Synopses & Reviews
Astrid Jones desperately wants to confide in someone, but her mother's pushiness and her father's lack of interest tell her they're the last people she can trust. Instead, Astrid spends hours lying on the backyard picnic table watching airplanes fly overhead. She doesn't know the passengers inside, but they're the only people who won't judge her when she asks them her most personal questions . . . like what it means that she's falling in love with a girl.
As her secret relationship becomes more intense and her friends demand answers, Astrid has nowhere left to turn. She can't share the truth with anyone except the people at thirty thousand feet, and they don't even know she's there. But little does Astrid know just how much even the tiniest connection will affect these strangers' lives--and her own--for the better.
In this truly original portrayal of a girl struggling to break free of society's definitions, Printz Honor author A.S. King asks readers to question everything--and offers hope to those who will never stop seeking real love.
"The philosophical searching, surprising spiritual guides, and powerful observations of contemporary life that characterize previous works by King (Everybody Sees the Ants) are in full evidence in a story that's at once much more than a coming-out novel and one of the best coming-out novels in years. High school senior Astrid Jones moved from New York City to Unity Valley, Pa., with her family years ago, but it still doesn't feel like home. Astrid isn't comfortable labeling herself gay ('I'm not in this to be a member of some club. I'm not going through this so I can lock myself in the one of them box'), and the community's homophobia and aggressive rumor mill weigh heavily on her. When several secrets become public, Astrid's relationships are further strained, and she copes by silently sending love to the passengers of airplanes flying overhead (whose brief stories indicate they can sense Astrid's questions and feel the love she unleashes) and carrying on imaginary conversations with Socrates. Funny, provocative, and intelligent, King's story celebrates love in all of its messy, modern complexity. Ages 15 up. Agent: Michael Bourret, Dystel & Goderich Literary Management." Publishers Weekly (Starred Review) Copyright PWxyz, LLC. All rights reserved.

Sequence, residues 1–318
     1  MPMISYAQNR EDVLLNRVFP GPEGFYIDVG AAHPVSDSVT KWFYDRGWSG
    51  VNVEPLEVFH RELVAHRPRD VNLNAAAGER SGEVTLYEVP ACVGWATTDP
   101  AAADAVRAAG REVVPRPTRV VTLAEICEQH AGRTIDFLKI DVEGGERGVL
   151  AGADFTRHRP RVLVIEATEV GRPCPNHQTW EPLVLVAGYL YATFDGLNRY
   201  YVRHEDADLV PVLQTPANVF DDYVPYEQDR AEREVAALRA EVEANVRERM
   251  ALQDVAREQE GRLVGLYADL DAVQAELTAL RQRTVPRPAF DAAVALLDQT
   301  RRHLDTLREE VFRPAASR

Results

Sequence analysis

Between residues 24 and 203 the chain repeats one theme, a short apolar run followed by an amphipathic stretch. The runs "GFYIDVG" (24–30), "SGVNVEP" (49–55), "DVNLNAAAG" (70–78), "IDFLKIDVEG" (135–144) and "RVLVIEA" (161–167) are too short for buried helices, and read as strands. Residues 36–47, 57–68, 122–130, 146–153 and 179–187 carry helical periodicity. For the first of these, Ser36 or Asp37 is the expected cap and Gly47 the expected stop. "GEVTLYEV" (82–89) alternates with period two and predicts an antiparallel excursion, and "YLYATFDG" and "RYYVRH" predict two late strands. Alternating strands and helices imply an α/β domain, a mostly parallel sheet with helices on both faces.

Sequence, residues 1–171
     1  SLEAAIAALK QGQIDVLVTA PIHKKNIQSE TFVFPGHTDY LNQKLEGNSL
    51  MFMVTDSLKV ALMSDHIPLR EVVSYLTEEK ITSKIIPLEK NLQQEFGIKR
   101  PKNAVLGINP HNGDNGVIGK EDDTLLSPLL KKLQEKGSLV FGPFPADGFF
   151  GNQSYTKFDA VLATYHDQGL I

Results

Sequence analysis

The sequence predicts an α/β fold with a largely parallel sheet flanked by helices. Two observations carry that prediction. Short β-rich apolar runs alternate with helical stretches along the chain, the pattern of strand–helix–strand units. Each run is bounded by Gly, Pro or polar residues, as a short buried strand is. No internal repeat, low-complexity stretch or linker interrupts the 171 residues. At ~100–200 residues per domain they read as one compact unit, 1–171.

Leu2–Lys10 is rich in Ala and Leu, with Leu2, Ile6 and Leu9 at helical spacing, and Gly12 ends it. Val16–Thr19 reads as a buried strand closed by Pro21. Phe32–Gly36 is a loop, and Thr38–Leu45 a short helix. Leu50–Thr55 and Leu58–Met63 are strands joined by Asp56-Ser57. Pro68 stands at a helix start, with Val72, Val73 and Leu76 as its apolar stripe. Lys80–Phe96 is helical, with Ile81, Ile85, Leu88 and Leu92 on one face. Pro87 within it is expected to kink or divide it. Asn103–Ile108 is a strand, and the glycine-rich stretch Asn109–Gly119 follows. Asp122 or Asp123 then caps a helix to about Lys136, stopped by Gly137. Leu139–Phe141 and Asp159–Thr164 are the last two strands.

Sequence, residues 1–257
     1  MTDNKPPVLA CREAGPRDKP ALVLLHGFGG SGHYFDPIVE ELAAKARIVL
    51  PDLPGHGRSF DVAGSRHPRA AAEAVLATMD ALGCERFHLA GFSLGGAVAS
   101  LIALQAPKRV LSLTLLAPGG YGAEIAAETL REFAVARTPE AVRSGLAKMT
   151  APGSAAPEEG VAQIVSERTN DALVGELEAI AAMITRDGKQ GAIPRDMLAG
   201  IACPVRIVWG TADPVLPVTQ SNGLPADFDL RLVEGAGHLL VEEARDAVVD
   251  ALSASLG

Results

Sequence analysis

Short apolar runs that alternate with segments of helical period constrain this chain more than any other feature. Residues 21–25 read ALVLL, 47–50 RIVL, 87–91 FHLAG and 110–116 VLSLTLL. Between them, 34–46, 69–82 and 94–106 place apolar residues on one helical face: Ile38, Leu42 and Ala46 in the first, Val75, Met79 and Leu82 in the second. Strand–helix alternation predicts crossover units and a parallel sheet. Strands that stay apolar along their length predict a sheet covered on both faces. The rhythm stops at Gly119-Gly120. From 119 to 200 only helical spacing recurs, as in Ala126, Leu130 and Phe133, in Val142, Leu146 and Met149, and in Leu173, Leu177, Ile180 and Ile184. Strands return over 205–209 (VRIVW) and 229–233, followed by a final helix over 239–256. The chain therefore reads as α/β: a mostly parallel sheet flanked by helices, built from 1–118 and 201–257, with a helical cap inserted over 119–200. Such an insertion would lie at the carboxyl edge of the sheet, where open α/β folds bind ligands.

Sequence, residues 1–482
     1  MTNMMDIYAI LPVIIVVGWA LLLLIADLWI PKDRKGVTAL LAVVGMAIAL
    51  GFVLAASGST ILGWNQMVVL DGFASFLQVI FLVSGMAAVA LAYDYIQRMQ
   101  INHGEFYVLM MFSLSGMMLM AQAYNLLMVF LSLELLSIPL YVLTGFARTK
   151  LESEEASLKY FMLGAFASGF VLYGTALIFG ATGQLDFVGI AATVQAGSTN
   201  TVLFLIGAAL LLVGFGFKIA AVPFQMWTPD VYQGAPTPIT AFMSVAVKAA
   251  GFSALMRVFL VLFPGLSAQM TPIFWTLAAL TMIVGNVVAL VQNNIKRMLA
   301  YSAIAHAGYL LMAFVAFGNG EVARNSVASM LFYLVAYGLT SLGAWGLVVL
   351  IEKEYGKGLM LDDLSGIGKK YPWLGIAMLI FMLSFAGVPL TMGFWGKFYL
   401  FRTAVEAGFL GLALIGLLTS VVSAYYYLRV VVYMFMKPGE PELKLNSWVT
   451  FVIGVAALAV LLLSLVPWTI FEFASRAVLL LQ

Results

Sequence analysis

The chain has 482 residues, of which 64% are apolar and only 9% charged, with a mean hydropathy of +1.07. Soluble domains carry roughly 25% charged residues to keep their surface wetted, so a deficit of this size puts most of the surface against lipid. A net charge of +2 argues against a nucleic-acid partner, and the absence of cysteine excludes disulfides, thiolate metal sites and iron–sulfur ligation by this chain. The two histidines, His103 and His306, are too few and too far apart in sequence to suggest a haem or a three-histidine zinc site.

Astrid Jones copes with her small town's gossip and narrow-mindedness by staring at the sky and imagining that she's sending love to the passengers in the airplanes flying high over her backyard. Maybe they'll know what to do with it. Maybe it'll make them happy. Maybe they'll need it. Her mother doesn't want it, her father's always stoned, her perfect sister's too busy trying to fit in, and the people in her small town would never allow her to love the person she really wants to: another girl named Dee. There's no one Astrid feels she can talk to about this deep secret or the profound questions that she's trying to answer. But little does she know just how much sending her love — and asking the right questions — will affect the passengers' lives, and her own, for the better.
In this unmistakably original portrayal of a girl struggling to break free of society's boxes and definitions, Printz Honor author A.S. King asks readers to question everything — and offers hope to those who will never stop seeking and sharing real love.
About the Author
A.S. King is the author of the highly acclaimed novel Everybody Sees the Ants and the Edgar Award nominated, Michael L. Printz Honor book Please Ignore Vera Dietz. She is also the author of The Dust of 100 Dogs, an ALA Best Book for Young Adults. After returning from Ireland where she spent over a decade living off the land, teaching adult literacy, and writing novels, King now lives deep in the Pennsylvania woods with her husband and children. Learn more at www.as-king.com.